The Lingering Effects of Shipping Delays During the Pandemic

As a result of the pandemic, manufacturing, production, and delivery have been badly affected. Approximately 18 months later, the supply chain is still experiencing disruptions.

Supply chains play a crucial role in the e-commerce industry. As a result of the Coronavirus pandemic, manufacturing and production have been badly affected. A company’s goal is to sell products to customers; however, you cannot do so if you lack inventory in your warehouse. Asia’s manufacturing industry was affected by nationwide shutdowns and stay-at-home orders. The same shutdowns also halted shipments of goods to the US. Approximately 18 months later, the supply chain is still experiencing disruptions. 

Despite massive growth for retail and e-commerce companies alike, there continues to be what some would describe as a shipping crisis. Experts predict that this crisis will continue until 2022 and will likely worsen before it improves. Rachel Premack, a writer for Business Insider, explains, “We’re continuing to see a remarkable increase in demand coupled with a shortage of shipping containers… The reason we’re seeing 2022 as the point when this calms down a bit is that people are expecting that demand will continue to decrease as society goes back to normal. Once that happens, ports can work through the existing backlog of containers.” At this point, space on shipping embargos is limited, and there are backlogs in these manufacturing warehouses. With such delays and backlogs, North America and Europe have been relying less on China for manufacturing. According to Qima, a provider of supply-chain-compliance solutions, a survey this year reported that 77% of US-based companies and 88% of Europe-based companies listed China as one of their top-three sourcing countries. In 2019, the US reported 96% and Europe 100% of companies listed China as a top sourcing country.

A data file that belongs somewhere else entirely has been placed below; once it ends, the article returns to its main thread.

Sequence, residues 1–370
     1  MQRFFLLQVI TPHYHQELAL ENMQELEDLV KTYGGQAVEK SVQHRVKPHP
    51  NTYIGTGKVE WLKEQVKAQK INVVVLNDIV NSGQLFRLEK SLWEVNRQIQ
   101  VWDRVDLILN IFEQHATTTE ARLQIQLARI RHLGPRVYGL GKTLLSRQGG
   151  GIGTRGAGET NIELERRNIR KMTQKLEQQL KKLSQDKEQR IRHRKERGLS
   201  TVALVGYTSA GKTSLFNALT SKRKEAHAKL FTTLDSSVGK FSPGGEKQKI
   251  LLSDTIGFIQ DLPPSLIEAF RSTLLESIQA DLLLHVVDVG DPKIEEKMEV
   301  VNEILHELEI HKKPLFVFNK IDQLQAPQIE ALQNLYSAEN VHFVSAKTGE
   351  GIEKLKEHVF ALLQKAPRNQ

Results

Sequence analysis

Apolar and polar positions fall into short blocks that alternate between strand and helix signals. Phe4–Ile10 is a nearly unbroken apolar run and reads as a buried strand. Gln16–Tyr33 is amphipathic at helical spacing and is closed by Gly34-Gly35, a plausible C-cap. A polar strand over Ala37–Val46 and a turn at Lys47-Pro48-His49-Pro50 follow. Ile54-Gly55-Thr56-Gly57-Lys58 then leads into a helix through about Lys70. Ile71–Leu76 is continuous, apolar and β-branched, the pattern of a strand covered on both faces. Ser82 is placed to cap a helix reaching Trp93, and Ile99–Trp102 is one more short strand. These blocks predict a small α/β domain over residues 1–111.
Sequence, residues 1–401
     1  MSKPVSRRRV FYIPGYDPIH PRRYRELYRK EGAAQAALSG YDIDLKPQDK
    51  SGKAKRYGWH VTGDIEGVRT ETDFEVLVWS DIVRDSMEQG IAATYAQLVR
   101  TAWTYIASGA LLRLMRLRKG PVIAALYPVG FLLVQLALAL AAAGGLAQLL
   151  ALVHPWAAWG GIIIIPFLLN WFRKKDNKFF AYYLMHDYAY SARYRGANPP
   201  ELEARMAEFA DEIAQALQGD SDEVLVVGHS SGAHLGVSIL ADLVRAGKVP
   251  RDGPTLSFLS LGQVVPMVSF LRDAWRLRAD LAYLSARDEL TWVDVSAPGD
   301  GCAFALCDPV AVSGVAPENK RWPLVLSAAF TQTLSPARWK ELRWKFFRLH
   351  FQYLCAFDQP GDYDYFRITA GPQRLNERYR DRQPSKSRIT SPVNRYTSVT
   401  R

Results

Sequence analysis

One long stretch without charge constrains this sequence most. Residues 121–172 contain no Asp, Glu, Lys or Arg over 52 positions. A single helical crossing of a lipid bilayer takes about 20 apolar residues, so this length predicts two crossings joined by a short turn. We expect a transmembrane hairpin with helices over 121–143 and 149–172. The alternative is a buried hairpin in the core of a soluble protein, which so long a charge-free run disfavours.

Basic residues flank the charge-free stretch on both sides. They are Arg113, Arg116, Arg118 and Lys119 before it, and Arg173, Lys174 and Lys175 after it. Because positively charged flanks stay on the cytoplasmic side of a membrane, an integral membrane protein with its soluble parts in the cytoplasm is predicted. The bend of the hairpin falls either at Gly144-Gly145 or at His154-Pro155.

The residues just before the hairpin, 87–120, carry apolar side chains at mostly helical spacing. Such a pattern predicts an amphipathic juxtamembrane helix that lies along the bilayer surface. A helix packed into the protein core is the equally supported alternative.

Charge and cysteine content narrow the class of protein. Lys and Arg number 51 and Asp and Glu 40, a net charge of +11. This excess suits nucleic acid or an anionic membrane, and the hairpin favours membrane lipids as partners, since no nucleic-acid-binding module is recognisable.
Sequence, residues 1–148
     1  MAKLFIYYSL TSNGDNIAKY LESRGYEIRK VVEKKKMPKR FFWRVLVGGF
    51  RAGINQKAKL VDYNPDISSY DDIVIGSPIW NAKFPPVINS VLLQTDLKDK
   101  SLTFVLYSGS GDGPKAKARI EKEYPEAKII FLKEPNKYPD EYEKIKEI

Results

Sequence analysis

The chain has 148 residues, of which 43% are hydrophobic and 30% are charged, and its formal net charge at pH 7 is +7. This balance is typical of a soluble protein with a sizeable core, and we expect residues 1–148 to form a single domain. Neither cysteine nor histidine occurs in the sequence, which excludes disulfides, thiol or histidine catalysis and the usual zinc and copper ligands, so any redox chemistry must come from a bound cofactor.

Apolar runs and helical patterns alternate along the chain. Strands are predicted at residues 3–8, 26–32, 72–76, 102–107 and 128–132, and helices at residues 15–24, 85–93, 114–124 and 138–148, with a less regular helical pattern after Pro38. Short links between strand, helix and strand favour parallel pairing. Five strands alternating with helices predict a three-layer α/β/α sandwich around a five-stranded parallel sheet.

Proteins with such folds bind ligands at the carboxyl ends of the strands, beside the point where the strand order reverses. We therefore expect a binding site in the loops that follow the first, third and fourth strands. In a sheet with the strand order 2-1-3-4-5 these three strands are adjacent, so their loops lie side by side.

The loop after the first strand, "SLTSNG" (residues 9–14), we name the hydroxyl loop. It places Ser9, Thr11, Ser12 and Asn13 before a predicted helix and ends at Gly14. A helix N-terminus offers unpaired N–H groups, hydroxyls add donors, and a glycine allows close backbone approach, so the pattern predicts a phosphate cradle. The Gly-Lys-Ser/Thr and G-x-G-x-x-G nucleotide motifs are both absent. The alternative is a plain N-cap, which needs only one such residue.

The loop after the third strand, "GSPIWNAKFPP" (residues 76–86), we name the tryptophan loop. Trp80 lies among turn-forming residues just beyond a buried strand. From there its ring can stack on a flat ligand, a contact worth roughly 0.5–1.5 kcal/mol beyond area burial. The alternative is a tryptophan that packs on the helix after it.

Despite decreasing dependence on Chinese manufacturers, they are still having difficulty finding space on ships to transport their products to the United States. Companies are spending significant amounts of money on shipping companies to deliver their products to their customers. Ocean freight has increased 466% since last July. Global air cargo volumes were reported in April that it had increased 25% year over year and have since increased even more. Currently, companies and manufacturers are sharing shipping costs to get production moving and products back to consumers. Many believe that this price jump is temporary due to high demand, but others see it as having long-term consequences. “Some of these additional supply-chain costs are being taken on by the end customers or the brand… in the demand market,” said Akhil Nair, vice-president of global carrier management and ocean strategy at Seko Logistics. “Somebody is definitely taking on the cost; in some cases, they are splitting the cost with the supplier.” The rate increase is caused by freight being able to set those prices, and consumer demand increases. 

Now, the question is, what will companies do in response? In the current situation, they simply pay the prices or leave the products overseas. Previously ports and freight companies attempted to facilitate more shipments, such as when the Panama Canal was expanded in 2016 at the cost of $5 billion. In the US, the Port Authority of New York and New Jersey spent $1.7 billion over six years to raise the Bayonne Bridge to allow just 215 feet of additional space for larger ships to pass. Overall, these changes do not support the volume that needs to be processed to resolve the backlog. No countries have made arrangements to create additional space or invest in the trade issues at this time. 

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As of the present time, customers have not experienced an increase in goods to offset the increase in freight shipments. Instead, they have undergone massive delays in the delivery of their favorite products, which is having an adverse effect on brand loyalty and may negatively impact businesses’ net income in the long run. Because of this, companies are paying high prices even though they cannot afford to do so. They are gradually learning that these issues will not suddenly disappear, and they will have to find alternative ways to generate income. Although it is difficult to predict where this shipping crisis will lead, we are bound to be affected for a while longer. 

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